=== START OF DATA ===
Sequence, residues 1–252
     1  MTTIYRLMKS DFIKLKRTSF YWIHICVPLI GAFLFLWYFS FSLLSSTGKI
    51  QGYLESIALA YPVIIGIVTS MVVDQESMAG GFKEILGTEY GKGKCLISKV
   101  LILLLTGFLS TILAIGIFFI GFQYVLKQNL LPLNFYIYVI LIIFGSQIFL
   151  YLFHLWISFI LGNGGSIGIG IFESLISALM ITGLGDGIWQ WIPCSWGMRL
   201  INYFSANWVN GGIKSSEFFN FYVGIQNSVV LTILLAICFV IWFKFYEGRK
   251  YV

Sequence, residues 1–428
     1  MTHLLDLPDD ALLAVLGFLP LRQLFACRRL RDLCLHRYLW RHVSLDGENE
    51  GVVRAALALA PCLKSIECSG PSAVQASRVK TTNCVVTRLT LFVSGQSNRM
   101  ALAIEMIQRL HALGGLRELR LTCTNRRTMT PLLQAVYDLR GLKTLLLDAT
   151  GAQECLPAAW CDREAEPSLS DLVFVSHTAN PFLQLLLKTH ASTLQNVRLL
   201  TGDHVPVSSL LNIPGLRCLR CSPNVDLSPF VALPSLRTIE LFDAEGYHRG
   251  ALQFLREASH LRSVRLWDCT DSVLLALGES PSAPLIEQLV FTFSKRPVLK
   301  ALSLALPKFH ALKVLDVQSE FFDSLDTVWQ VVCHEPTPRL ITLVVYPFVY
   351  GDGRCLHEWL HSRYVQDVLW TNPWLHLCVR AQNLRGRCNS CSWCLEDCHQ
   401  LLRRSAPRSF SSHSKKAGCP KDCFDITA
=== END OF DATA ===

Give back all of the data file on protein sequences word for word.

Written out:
Sequence, residues 1–252
     1  MTTIYRLMKS DFIKLKRTSF YWIHICVPLI GAFLFLWYFS FSLLSSTGKI
    51  QGYLESIALA YPVIIGIVTS MVVDQESMAG GFKEILGTEY GKGKCLISKV
   101  LILLLTGFLS TILAIGIFFI GFQYVLKQNL LPLNFYIYVI LIIFGSQIFL
   151  YLFHLWISFI LGNGGSIGIG IFESLISALM ITGLGDGIWQ WIPCSWGMRL
   201  INYFSANWVN GGIKSSEFFN FYVGIQNSVV LTILLAICFV IWFKFYEGRK
   251  YV

Sequence, residues 1–428
     1  MTHLLDLPDD ALLAVLGFLP LRQLFACRRL RDLCLHRYLW RHVSLDGENE
    51  GVVRAALALA PCLKSIECSG PSAVQASRVK TTNCVVTRLT LFVSGQSNRM
   101  ALAIEMIQRL HALGGLRELR LTCTNRRTMT PLLQAVYDLR GLKTLLLDAT
   151  GAQECLPAAW CDREAEPSLS DLVFVSHTAN PFLQLLLKTH ASTLQNVRLL
   201  TGDHVPVSSL LNIPGLRCLR CSPNVDLSPF VALPSLRTIE LFDAEGYHRG
   251  ALQFLREASH LRSVRLWDCT DSVLLALGES PSAPLIEQLV FTFSKRPVLK
   301  ALSLALPKFH ALKVLDVQSE FFDSLDTVWQ VVCHEPTPRL ITLVVYPFVY
   351  GDGRCLHEWL HSRYVQDVLW TNPWLHLCVR AQNLRGRCNS CSWCLEDCHQ
   401  LLRRSAPRSF SSHSKKAGCP KDCFDITA